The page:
By now an acclaimed classic with a stream of revivals, this is the Emma Dante show that so shocked part of the gallery on its opening night in 2009. A free, secular and rebellious Carmen, mired in a world of grey and dusty decay, bedecked with religious ornaments, votive offerings and blood-red gashes. A maiden Carmen, untouched by social hypocrisy, an unsullied martyr, almost angelic. The leads were played by Elīna Garanča and José Cura, then revisited by Anita Rachvelishvili (making her debut to great acclaim in this show) and Francesco Meli. The baton is wielded by the world-renowned opera specialist Massimo Zanetti.

The most reliable experts swear that the opera is the most widely performed in the world. However, when it was first staged at the Opéra-Comique in Paris on 3 March 1875, it was given a rather frosty reception. The fact that the public did not understand it was a cause of deep sorrow to Bizet, who died three months later at the age of only thirty-six. Even so, Carmen ran for 48 consecutive performances, which can hardly be considered a negligible figure, although ironically, the audiences were drawn by the opera’s reputed indecency and its condemnation by the press. “Our stages are increasingly invaded by courtesans. This is the class from which our authors so like to recruit the heroines of their dramas and their opéras-comiques”, wrote Achille de Lauzières in his review published in La Patrie on 8 March. He went on: “It is the fille in the most repugnant sense of the word [that has been set on stage]; the fille who is obsessed with her body, who gives herself to the first soldier that passes, on a whim, as a dare, blindly; […] sensual, mocking, hard-faced; miscreant, obedient only to the law of pleasure; […] in short, well and truly a prostitute off the streets”. The critic for the Petit Journal on 6 March said of the interpretation of Carmen: “Madame Galli-Marié has found how to make the character of Carmen more vulgar, more hateful and more abject than it already was in Mérimée. Her interpretation is brutally realistic, in the manner of Courbet”. We shall return to the realism and to Célestine Galli-Marié, the first to play the role of Carmen; however, it should be strongly underlined that perceiving Carmen as a fille, a prostitute, is a defensive reaction, typical of the bourgeoisie, and of which there is no evidence in the opera. If anything, she is the opposite: Carmen never sells herself; she is a free woman (this is the real scandal), wholly coherent and uncompromising. “Jamais Carmen ne cédera, libre elle est née et libre elle mourra” [Never will Carmen cede, free she was born and free she will die].

If we wish to measure the distance that separates Bizet’s Carmen from an average opéra-comique of the time, we might refer to a previous adaptation of Mérimée’s story, La fille d’Égypte (1862) by Jules Barbier, with music by Jules Beer. Browsing through this banal work, writes Hervé Lacombe, “it is easier to understand the formidable challenge of Bizet’s score to the mellifluous conventions of the opéra-comique”. However, it should also be pointed out how, at the same time, Bizet’s Carmen went against the poeticising tendency typical of the period (see Thomas’s Mignon of 1866), which was pushing the opéra-comique towards the delicate sentimentalism of the opéralyrique. Bizet himself had also moved in this direction with his Djamileh, staged at the Opéra-Comique in 1872. And the same can be said of the revival of Gounod’s Roméo et Juliette under the direction of Bizet at the Opéra Comique in 1873. So, with Carmen, Bizet doubly dissociates himself, from the opéra-comique on the one hand, and from the opéra-lyrique on the other. The category to which Carmen belongs, however, is still not clear today and something of a problem. “They say that I am obscure and complicated,” Bizet tells his mother-in-law, “but this time I have written an opera that is completely clear, lively, colourful and melodious.” Like the dramatic mechanisms used, it is elementary music.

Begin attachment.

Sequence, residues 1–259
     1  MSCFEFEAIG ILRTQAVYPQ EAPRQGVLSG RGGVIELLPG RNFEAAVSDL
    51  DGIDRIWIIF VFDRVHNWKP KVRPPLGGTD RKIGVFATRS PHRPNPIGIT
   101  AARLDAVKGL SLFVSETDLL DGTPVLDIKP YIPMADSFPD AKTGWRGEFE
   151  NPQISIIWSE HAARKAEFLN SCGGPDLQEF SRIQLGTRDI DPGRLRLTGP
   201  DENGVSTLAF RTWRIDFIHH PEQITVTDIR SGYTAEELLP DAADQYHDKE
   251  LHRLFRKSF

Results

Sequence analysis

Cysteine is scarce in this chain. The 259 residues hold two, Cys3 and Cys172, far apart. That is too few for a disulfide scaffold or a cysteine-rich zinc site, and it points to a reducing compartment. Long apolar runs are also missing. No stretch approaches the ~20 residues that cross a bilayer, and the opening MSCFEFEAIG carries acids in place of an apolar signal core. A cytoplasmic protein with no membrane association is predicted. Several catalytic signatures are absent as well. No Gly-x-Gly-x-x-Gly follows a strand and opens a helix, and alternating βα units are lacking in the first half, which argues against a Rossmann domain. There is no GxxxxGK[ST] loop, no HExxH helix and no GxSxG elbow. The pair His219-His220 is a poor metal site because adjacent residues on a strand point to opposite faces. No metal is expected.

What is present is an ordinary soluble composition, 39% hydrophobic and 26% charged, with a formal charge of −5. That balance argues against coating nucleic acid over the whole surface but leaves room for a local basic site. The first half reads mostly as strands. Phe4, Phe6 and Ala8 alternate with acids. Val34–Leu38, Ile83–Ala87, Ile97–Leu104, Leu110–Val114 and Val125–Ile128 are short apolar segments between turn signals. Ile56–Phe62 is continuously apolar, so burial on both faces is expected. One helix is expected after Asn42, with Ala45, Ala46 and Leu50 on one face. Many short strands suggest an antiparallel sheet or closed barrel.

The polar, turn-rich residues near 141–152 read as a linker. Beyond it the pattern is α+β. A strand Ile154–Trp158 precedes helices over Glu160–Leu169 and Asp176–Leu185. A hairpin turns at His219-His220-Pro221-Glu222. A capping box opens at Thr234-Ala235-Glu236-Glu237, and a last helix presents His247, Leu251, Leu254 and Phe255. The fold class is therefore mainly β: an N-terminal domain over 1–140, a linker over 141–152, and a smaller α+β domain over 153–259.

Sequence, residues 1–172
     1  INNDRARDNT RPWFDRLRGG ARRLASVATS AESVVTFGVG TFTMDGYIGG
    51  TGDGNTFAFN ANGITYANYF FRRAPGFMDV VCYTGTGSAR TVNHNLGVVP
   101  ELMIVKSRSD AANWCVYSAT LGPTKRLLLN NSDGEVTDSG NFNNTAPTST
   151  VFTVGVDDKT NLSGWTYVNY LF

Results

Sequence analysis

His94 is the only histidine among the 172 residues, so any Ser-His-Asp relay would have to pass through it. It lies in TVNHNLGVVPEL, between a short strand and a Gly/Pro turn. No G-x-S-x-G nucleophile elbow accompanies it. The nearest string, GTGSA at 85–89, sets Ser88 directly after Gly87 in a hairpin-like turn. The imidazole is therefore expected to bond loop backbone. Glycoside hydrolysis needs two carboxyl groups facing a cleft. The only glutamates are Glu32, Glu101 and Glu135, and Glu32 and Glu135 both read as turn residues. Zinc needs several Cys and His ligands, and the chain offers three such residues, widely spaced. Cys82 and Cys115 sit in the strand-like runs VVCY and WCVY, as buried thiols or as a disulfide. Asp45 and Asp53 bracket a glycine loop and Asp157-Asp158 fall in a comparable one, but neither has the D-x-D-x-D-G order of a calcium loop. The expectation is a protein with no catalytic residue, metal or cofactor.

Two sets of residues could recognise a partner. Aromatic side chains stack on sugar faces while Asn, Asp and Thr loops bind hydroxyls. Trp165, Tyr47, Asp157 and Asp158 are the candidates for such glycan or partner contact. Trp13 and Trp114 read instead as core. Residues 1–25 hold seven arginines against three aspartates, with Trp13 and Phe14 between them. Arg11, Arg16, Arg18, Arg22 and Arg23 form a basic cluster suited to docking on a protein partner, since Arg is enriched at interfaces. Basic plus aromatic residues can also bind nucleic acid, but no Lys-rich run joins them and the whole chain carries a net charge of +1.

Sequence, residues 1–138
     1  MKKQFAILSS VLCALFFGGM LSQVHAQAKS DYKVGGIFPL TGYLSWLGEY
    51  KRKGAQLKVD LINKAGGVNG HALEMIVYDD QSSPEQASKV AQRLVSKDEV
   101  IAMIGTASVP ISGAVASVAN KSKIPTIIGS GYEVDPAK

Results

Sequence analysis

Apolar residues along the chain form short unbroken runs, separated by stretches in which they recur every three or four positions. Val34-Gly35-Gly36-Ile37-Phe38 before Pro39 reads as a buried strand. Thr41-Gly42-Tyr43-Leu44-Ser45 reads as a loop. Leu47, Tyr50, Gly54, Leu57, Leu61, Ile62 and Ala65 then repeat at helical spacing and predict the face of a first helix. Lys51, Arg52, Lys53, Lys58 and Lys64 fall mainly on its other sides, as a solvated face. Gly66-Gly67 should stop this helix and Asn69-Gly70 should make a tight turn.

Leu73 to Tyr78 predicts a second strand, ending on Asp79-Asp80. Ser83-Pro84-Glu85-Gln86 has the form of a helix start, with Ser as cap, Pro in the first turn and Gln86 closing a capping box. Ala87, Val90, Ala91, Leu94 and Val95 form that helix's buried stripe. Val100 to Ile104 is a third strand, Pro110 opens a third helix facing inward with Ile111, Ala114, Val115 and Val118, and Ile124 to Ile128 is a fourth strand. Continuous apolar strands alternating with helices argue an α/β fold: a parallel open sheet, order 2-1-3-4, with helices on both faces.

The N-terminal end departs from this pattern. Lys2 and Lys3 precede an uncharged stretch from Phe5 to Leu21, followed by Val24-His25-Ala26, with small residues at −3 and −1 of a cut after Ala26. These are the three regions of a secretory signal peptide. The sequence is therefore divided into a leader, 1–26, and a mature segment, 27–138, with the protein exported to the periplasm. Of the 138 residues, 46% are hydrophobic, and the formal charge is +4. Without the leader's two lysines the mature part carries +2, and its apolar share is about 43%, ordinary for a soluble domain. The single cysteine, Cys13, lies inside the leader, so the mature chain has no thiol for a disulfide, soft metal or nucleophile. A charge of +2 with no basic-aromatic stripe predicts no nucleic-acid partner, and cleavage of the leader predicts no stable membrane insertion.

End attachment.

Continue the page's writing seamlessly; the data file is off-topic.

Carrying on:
It may be easier to understand Carmen by looking firstly at Daudet’s L’Arlé- sienne, a play for which Bizet wrote some beautiful incidental music in 1872. The use of pre-existing material taken from the Provencal folk tradition, in order to create a musical background against which to set the action, anticipated one of the features of Carmen: let us not forget that the famous Habanera from the first act is based on a then popular Spanish song, El Arreglito, by Sebastián de Yradier. The effect of contrast between the painful explosion of the individual drama and the jubilant sound of the incidental music describing the action with its festive folk sound closely links the finales of the first and fourth tableaux in L’Arlésienne with the last act of Carmen. And indeed, the enhancement of the theatrical dimension in Bizet’s last opera is extremely evident. If the mixed forms of drama appeared to the opéra-lyrique to be a throwback to the past (Roméo et Juliette, mentioned above, was performed with the recitatives sung), the spoken dialogues in Carmen acquire considerable importance. The same can be said for the mélodrames (the simultaneous presence of spoken dialogue and music) already experimented in L’Arlésienne. Nowadays, we are not wholly aware of this, because even in the most “philological” productions the spoken parts are unashamedly cut. The famous realism of Carmen lies firstly in the structure: the amount of incidental music, justified by the action and the backdrop against which it takes place, is very surprising and corresponds to the enhancement of the theatrical dimension mentioned previously. Carmen’s songs in the first and second acts would be as pertinent even if we were to imagine the opera as a spoken theatrical drama. Then, of course, there is Don José’s song performed off-stage and again the first part of his duet with Carmen in the second act, which are pure theatre, pure incidental music. Célestine Galli-Marié was the singer who first starred as Carmen, and who worked closely with Bizet on modelling the character. As Hervé Lacombe explains, her interpretation of the part was based more on the effectiveness of her acting than on her voice or her ability to sing. The first success of Carmen came with its production in Vienna during the autumn of 1875 and coincided with a series of interventions including additions, rewritings, indications for its execution, which were more or less justified and had the intention of normalising/lightening Bizet’s original score, and which became the standard in Ernest Guiraud’s version. Following Fritz Oeser’s questionable critical version of the Sixties, musicologists from around the world have begun to look at the opera again and to clean it up with the aim of returning to a version that is as close as possible to what Bizet intended. Robert Didion’s version for La Scala is without a doubt a further step in this direction. - Emilio Sala